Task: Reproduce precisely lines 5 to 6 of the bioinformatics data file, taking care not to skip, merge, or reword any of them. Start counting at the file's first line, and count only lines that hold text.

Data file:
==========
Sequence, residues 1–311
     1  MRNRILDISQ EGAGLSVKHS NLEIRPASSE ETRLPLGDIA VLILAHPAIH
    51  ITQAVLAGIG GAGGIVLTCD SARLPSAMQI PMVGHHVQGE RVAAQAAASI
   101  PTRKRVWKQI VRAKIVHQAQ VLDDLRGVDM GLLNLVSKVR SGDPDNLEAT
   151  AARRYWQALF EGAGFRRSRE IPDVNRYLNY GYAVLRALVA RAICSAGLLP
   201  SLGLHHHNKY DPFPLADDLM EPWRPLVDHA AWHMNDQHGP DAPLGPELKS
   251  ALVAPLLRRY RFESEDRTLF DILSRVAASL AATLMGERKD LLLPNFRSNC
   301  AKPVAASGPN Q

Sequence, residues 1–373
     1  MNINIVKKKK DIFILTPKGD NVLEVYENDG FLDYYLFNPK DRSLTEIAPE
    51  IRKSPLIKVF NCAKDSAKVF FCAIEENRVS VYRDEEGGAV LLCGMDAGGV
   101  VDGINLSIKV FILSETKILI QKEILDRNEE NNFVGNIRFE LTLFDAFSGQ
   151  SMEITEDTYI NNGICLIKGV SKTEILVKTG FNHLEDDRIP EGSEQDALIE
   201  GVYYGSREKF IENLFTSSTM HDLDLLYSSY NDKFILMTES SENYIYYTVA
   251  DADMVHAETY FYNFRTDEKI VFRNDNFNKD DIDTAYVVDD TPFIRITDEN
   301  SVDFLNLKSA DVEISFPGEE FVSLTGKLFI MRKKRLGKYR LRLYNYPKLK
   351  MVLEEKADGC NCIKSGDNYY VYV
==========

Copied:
   151  AARRYWQALF EGAGFRRSRE IPDVNRYLNY GYAVLRALVA RAICSAGLLP
   201  SLGLHHHNKY DPFPLADDLM EPWRPLVDHA AWHMNDQHGP DAPLGPELKS